“It won’t be individual projects. We’ve discussed a fair number of them. First is the grid interconnection between Sri Lanka and India, so that sustainable energy can be transmitted to India.

“We have the Sampur solar power project, which is a Government to Government (G2G) project, and a three island project, which is where we hope the ground breaking can take place in July,” he told Indian business people at the 31st All India Partner’s Meet 2024 (AIPM 2024), held at ICT Ratnadipa in Colombo.

The AIPM 2024 which was organised by KPGM Sri Lanka and India provided a platform for both countries to reaffirm their commitment to collaborative projects that promise to redefine bilateral relations and propel socio-economic growth.

“It’s a great pleasure and a privilege to have you in Sri Lanka, in Colombo, holding this meeting. It shows on one hand the close friendship that our two countries have, and on the other hand, the confidence that you have in Sri Lanka.

“Having now survived two difficult years, I must acknowledge that this was possible because India gave us a loan of $3.5 billion. All that will be repaid.”

Cooperation between the two nations needed to be enhanced, particularly in the energy sector, aiming to foster new development for the Northern region, Wickremesinghe said.

“We are looking at developing Palk Straight for wind energy and solar energy, both countries to get together and have a large farm for solar energy, for renewable energy. It also means that we will have a new economy for the northern province, which was worst affected by the war.”

Several Indian-backed projects in Sri Lanka have stalled due to protests from some parties, with some going to courts.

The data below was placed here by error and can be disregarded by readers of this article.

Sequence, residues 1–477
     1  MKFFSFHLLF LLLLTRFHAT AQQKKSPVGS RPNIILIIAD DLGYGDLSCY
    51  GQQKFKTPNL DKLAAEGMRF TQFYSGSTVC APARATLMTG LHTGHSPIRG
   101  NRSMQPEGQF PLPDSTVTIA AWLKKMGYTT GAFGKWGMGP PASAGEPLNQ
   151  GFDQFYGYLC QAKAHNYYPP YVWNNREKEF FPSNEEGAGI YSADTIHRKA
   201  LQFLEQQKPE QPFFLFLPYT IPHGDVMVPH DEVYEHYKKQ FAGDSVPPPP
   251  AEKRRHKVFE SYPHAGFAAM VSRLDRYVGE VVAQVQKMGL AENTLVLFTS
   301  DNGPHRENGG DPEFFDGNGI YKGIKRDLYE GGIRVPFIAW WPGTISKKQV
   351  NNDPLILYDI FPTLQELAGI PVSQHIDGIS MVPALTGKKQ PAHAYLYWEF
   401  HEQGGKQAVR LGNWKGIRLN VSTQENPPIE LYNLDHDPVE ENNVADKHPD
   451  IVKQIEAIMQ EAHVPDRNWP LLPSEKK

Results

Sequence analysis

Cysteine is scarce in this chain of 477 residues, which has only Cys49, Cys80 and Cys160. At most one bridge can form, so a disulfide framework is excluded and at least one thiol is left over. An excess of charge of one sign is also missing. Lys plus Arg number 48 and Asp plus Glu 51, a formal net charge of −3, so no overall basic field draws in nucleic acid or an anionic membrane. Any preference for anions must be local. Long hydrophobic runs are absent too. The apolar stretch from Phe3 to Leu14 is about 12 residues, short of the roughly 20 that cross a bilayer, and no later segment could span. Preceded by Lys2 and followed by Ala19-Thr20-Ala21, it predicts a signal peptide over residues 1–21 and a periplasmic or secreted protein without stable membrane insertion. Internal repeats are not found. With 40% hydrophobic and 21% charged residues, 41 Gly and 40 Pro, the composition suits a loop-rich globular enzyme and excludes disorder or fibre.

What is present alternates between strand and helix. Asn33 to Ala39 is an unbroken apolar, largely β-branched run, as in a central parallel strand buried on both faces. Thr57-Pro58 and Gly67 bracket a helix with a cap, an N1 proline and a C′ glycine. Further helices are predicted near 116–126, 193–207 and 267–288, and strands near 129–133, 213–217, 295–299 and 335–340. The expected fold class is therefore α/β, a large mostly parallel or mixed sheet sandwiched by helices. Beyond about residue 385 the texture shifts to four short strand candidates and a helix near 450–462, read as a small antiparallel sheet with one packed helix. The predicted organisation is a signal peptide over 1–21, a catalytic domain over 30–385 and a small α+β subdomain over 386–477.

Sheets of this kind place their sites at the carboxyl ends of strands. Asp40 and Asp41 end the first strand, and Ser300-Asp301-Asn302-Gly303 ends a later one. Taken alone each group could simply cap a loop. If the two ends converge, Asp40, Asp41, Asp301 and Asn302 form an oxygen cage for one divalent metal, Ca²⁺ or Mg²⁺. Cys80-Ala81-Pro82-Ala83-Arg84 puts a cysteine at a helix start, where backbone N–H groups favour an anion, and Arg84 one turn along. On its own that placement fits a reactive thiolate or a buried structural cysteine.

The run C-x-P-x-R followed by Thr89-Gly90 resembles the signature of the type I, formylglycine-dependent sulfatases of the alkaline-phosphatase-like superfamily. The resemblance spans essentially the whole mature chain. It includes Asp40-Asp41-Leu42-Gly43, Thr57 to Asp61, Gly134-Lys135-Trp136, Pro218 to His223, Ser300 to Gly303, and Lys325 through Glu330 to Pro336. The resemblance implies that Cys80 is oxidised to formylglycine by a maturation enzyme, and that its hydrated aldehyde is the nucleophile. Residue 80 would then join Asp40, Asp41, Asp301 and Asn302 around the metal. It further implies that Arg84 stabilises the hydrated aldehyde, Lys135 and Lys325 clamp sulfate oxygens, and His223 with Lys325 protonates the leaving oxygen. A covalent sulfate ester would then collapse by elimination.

India is helping expand the Kankesanturai port, and is discussing development of the Palali and Colombo airports.

The National Livestock Development Board of Sri Lanka, in collaboration with India’s Amul Dairy Company, is involved in a project to enhance liquid milk production in the country.

The two nations are also considering establishing land connectivity.

Discussions have also taken place regarding expediting the Trincomalee Development Project, which encompasses industrial investment zones and tourist areas.

“Plans are underway to construct a multi-product oil pipeline from Nagapatnam to Trincomalee, pending the final observation report. Trincomalee is poised to become a hub for oil refining, with the development of ports and investment zones, transforming Trincomalee Port into a significant hub on the Bay of Bengal.

“Today, the entire East Coast is being opened up for tourism, with additional land earmarked for hotels in Galle and southern areas. Moreover, there are plans to establish more investment zones across the country, alongside expanding our professional training programs. In these endeavours, we are collaborating closely with India.” (Colombo/Jun22/2024)

Continue Reading